Next Week

April 9, 2010

In the second week of April, British political parties unveil their election manifestos,  the U.S. and Canada report trade data, the Bank of Japan holds a quarterly Branch Managers meeting, and Euroland releases industrial production.  On the whole, it will not be a particularly important week for data or central bank policy meetings.  Of latter, just a few are planned — in Chile, Mexico and Turkey — and none is expected to change policy.  Don’t be surprised if China raises interest rates, however.  The Fed beige book arrives, and Bernanke, Tarullo, Lacker, and Lockhart have speaking engagements.  The Bank of Japan releases minutes of its March meeting and a regional economic survey, while the ECB publishes its monthly Bulletin.

China will be in the limelight.  U.S. Treasury Secretary pays a visit to Hong Kong and Beijing, and China releases quarterly GDP as well as monthly trades, consumer prices, money and credit growth, producer prices, fixed asset investment, retail sales and industrial production.  Speculation has mounted that Beijing may be poised to raise interest rates or let the yuan begin to appreciate against the dollar as such did during the three years to July 2008.

The U.S. Treasury releases monthly budget figures and data on capital flows into and out of the United States.  Other scheduled U.S. statistics are import prices, business inventories, industrial production housing starts, the NFIB and HAHB indices, the New York and Philadelphia Fed indices, and the University of Michigan’s index on consumer confidence.  The IBD/TIPP index of optimism is also scheduled, as are the usual weekly reports on jobless claims, consumer confidence, chain store sales, mortgage applications, and energy inventories.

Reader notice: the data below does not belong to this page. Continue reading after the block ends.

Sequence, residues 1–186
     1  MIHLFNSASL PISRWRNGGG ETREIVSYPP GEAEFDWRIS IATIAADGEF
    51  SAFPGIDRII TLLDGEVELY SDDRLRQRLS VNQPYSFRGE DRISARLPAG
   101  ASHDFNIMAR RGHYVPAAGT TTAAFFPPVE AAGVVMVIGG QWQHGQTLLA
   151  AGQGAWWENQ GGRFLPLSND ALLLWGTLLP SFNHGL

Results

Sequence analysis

From Euroland, investors will get to see industrial production, trade data, and final consumer price numbers including a gauge of core inflation.  Germany, France, Spain and Italy, the group’s big four, each report national CPI data.  German wholesale turnover, the French current account, and Italian industrial output and trades also arrive.

Britain’s slate of data includes trade figures, two house price measures — the RICs barometer and the DCLG index — and same store retail sales compiled by the British Retail Consortium.  The main focus will be politics, however, especially how the party manifestos are perceived and the ebb and flow of pre-election opinion polls.  Some other West European scheduled statistics are Swedish consumer prices and unemployment, Norwegian trades, and Swiss producer prices and import prices.  Further to the east, Romania and Hungary announce consumer prices, the Czech Republic releases the PPI and current account, Poland also reports its current account, and Russia reports industrial output.

The focus in Japan will be upon the central bank, which reports money and credit growth.  Reuters announces the results of its monthly Tankan simulation, and Governor Shirakawa speaks both before and after the branch managers meeting.

Canada has several indicators that are due: housing starts, home prices, existing home sales, auto sales, and factory sales.  In South America, Brazil releases retail sales, Peru reports GDP and unemployment, and Argentina unveils its latest CPI and PPI results.

Australia will be releasing both business sentiment and consumer confidence, as well as home financing statistics.  New Zealand announces retail sales and its purchasing manager survey results.  South African retail sales also arrive, as do figures for Turkish consumer confidence, unemployment and the current account.

Copyright Larry Greenberg 2010.  All rights reserved.  No secondary distribution without express permission.



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